The company had fabricated revenues. Wall Street, which had run
the stock price up, was fooled. Thousands of people lost their life
savings. Regulators scrambled to pick up the pieces while Congress
held hearings to determine what went wrong.
No, it's not Enron. The company in question was Equity Funding,
an insurance firm based in Los Angeles that went bust in 1973.
Flameouts have long been a feature of American business. In fact,
every few years, a new scandal seems to surface, often with the same
ingredients: corporate greed, gullible accountants, high-powered
connections, and broke investors.
But the latest such collapse is a particularly spectacular one.
The name "Enron" has already become shorthand for "disaster," a
symbol of what can go wrong when hubris spreads through an executive
suite and financial reports become a skim coat over wide cracks in
If nothing else, Enron's collapse will prompt a hard look at
accounting practices, retirement plans, and other key aspects of US
capitalism - as well as the enforcement powers of the Securities and
"When the seventh-largest corporation crashes and burns, the
wreckage is diverse and scatters in many directions," says Robert
Reischauer, president of the Urban Institute in Washington.
The degree to which Enron has fallen is summed up by the fact
that its stock may now be worth more as a souvenir than as a
certificate of ownership. Bob Kerstein, an accountant and financial
historian, is offering Enron stock certificates on his collector web
site, Scripophily.com, at $100 a pop. Or he was - right now he's
Thus a firm that once was seen as an economic pioneer is now
keeping company with Disney figurines and pillows crocheted with
sayings that purport to be witty.
"They will be great collectibles," says Mr. Kerstein of the Enron
Not that scandal in the financial markets is anything new. In the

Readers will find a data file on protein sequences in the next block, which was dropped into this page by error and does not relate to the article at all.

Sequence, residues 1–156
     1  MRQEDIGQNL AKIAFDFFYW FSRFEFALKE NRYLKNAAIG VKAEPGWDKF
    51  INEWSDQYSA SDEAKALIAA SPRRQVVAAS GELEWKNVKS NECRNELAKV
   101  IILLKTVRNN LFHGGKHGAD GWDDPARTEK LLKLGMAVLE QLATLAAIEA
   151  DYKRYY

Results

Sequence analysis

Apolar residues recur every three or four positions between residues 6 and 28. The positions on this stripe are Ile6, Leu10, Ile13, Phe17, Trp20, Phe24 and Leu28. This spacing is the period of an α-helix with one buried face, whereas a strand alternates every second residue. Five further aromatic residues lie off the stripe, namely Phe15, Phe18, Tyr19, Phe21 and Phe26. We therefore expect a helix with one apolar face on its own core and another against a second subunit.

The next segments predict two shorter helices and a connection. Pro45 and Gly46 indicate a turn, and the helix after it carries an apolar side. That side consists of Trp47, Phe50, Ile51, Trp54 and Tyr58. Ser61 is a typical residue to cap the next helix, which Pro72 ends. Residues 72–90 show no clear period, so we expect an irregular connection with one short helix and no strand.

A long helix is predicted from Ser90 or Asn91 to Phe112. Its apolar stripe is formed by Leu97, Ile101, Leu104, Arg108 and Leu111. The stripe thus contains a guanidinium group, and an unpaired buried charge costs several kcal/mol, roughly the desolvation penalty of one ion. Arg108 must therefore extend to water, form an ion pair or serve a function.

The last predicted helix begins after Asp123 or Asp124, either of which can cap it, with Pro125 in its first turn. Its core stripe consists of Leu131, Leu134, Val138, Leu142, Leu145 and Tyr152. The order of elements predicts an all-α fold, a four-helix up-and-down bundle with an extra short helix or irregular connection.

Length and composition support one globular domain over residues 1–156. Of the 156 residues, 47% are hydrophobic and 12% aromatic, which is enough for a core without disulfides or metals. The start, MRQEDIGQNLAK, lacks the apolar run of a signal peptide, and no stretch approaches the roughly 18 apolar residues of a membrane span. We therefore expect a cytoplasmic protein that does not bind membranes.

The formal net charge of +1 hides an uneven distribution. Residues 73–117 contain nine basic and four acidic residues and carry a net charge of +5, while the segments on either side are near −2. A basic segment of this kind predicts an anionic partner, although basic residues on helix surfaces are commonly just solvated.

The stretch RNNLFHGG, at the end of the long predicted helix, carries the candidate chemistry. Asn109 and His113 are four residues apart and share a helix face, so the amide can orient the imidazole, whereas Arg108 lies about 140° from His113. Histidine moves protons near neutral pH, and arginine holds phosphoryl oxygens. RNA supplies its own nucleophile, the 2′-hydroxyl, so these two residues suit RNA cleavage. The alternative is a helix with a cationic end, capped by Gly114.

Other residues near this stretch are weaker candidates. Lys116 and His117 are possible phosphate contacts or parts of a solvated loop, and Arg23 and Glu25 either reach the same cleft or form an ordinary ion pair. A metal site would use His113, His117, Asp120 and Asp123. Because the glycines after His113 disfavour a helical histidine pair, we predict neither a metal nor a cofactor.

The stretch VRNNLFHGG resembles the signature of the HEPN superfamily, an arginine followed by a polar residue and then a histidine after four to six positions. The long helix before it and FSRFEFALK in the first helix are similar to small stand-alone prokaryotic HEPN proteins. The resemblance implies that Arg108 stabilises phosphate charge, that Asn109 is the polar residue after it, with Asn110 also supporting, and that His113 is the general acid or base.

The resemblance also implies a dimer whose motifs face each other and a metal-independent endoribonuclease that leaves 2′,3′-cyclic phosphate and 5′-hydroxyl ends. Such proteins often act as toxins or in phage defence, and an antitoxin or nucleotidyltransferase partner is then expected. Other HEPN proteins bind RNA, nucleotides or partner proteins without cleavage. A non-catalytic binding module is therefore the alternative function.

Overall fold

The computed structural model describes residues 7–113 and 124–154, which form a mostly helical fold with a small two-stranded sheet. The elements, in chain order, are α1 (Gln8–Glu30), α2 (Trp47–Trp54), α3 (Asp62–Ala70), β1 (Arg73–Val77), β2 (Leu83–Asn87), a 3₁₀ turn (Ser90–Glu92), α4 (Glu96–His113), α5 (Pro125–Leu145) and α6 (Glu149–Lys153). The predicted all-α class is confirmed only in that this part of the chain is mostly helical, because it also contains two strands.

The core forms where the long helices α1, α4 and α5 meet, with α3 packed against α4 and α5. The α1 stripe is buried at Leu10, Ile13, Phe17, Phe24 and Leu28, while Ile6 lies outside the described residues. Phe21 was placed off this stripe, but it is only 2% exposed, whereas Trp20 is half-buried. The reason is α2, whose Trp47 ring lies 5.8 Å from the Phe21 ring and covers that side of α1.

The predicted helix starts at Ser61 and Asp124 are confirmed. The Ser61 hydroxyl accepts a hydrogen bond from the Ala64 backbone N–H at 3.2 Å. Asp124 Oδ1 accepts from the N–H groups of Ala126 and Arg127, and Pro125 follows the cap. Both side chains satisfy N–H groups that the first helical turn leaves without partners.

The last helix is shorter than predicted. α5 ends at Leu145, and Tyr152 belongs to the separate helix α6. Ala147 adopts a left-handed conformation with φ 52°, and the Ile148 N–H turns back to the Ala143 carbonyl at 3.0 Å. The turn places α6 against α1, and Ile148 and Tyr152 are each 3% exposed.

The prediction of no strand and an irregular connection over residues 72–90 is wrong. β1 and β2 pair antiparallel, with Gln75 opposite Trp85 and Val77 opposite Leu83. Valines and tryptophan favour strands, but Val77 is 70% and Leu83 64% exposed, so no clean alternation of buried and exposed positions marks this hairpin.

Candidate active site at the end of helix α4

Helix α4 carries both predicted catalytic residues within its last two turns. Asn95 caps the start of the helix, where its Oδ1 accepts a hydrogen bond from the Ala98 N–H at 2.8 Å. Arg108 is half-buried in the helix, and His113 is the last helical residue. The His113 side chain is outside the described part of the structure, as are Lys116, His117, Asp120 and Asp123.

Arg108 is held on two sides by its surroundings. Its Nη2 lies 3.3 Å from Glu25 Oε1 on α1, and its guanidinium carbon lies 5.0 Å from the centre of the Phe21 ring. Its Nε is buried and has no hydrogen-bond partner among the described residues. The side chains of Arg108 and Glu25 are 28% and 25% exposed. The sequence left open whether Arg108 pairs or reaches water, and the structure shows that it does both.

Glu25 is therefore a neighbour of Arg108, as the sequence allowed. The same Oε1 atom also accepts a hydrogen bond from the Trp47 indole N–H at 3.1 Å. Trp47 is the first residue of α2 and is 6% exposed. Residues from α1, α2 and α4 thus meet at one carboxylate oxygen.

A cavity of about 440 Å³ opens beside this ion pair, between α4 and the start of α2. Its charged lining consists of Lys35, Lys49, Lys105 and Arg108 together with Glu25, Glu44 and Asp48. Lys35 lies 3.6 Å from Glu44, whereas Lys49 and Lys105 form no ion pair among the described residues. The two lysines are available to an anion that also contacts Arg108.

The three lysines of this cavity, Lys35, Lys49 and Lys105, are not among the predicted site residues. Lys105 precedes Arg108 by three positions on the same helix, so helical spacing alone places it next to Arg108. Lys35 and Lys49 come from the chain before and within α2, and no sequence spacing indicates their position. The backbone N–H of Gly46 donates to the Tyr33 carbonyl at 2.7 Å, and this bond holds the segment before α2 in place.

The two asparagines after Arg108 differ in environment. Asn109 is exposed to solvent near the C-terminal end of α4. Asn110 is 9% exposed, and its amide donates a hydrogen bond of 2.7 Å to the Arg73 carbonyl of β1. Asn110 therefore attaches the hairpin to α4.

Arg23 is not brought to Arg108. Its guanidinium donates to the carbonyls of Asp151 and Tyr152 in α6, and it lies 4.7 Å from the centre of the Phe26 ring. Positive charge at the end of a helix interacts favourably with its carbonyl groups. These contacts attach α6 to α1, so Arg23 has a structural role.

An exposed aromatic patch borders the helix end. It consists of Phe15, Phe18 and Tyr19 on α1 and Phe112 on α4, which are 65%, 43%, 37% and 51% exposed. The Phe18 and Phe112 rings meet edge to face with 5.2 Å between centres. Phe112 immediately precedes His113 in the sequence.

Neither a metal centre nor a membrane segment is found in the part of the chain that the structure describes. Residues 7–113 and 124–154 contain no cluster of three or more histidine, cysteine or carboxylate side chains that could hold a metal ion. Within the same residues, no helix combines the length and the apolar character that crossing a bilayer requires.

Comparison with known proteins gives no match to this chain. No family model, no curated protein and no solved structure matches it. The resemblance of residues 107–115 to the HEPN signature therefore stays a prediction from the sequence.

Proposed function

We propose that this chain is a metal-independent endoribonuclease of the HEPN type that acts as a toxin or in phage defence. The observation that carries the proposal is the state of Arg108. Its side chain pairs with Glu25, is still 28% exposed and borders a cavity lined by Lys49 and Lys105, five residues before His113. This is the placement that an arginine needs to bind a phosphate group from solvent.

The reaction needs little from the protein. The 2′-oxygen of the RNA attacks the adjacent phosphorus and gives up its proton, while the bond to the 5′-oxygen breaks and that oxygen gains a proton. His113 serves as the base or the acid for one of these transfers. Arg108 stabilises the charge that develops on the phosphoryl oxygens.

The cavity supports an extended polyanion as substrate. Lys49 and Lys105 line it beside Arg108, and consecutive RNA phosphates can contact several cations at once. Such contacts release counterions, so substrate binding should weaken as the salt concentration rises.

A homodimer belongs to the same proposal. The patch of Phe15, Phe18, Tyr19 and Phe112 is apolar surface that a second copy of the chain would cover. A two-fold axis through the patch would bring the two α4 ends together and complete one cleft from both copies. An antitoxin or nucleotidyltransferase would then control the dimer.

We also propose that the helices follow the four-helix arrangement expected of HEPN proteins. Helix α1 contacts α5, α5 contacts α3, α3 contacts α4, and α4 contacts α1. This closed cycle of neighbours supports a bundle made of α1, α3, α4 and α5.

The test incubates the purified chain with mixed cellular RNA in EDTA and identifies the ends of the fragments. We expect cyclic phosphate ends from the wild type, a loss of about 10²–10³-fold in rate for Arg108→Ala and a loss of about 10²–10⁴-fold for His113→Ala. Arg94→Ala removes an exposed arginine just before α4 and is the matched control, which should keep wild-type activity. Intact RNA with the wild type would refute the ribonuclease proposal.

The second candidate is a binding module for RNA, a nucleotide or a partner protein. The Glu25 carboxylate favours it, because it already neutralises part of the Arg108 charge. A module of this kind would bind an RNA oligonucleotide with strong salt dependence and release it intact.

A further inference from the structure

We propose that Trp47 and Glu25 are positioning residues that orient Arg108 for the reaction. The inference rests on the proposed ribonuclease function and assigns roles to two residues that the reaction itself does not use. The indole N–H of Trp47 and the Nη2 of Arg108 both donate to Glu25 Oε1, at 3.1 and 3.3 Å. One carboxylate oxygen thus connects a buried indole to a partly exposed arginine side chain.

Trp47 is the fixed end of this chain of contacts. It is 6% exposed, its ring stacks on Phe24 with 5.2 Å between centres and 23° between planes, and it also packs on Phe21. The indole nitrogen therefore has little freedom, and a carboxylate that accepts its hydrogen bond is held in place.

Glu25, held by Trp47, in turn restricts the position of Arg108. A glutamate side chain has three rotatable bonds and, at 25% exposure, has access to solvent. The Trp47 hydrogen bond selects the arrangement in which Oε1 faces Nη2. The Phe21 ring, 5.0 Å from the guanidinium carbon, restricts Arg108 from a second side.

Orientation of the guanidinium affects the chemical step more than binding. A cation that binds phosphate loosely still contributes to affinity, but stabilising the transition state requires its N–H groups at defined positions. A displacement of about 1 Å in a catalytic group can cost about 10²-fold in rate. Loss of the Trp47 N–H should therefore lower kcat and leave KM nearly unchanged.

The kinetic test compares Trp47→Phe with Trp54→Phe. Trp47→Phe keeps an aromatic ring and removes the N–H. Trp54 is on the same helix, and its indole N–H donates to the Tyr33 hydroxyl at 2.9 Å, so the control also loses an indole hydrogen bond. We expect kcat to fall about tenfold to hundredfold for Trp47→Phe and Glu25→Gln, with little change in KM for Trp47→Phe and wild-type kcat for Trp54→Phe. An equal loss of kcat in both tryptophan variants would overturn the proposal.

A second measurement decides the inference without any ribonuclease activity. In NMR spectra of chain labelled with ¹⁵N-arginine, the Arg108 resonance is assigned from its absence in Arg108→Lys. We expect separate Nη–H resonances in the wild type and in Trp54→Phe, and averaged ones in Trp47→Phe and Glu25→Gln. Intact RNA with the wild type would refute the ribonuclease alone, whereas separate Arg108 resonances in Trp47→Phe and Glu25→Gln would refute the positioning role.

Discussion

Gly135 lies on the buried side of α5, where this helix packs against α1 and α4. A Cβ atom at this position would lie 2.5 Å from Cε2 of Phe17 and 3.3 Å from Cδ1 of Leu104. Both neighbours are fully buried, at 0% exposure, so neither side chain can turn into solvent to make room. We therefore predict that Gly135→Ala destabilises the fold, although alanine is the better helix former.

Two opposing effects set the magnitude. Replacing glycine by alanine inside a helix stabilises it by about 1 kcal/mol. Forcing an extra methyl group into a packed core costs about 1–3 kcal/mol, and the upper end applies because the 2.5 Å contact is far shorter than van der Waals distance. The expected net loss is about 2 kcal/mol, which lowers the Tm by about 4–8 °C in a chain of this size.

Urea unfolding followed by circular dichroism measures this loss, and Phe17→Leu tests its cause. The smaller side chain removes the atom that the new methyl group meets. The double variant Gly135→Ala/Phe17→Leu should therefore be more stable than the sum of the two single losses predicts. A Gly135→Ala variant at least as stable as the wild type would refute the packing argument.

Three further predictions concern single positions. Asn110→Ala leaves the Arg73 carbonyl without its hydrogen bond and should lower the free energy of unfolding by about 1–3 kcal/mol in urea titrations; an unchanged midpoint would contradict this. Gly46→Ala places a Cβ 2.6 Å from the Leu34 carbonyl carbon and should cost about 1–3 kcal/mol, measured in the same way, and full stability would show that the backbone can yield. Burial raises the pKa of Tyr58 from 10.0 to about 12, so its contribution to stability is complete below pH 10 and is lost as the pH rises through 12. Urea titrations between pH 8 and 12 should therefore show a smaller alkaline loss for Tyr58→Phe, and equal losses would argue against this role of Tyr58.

1920s, for example, investors bought shares in Grey Goose Airways,
which promised to build a plane with wings that flapped.
Even after the Securities and Exchange Commission started
patrolling the markets in 1934, fraud-tinged bankruptcies continued.
In recent years, large corporate collapses have included that of the
Bank for Commerce and Credit International (BCCI), which entangled
Washington insiders, and Lincoln Savings Bank, which cast a long
shadow over Congress.
Only two years ago, the SEC brought fraud charges against the
executives of Cendant Corp. - a corporate bust that costs investors
"History just repeats itself - fraud and greed," says Kerstein.
The Wall Street connection
One of the reasons for the modern-day scandals could be changes
on Wall Street itself.
In the past, most brokers made their money on commissions earned
from the buying and selling of stock. This led Wall Street firms to
employ stock analysts who scrutinized earnings statements looking
for clues about the basic business. The analysts issued buy or sell
recommendations, which could result in commissions.
Yet commissions have dropped dramatically over the past 20 years,
particularly with the advent of discount brokers and online trading
companies. As a result many brokers have downsized their research
The role of the analyst has changed, too, says Don Straszheim, a
former chief economist at a big securities firm.
"The analyst is much more focused on how can I bring investment
banking business to the firm instead of providing valuable
investment advice to the institutional investors," says Mr.
Straszheim of Straszheim Global Advisers in Westwood, Calif.
This shift was most noticeable during the 1990s when the dot.com
boom took off. Recruiters on Wall Street looked for analysts who
could attract new business. They got paid $10 million or more. …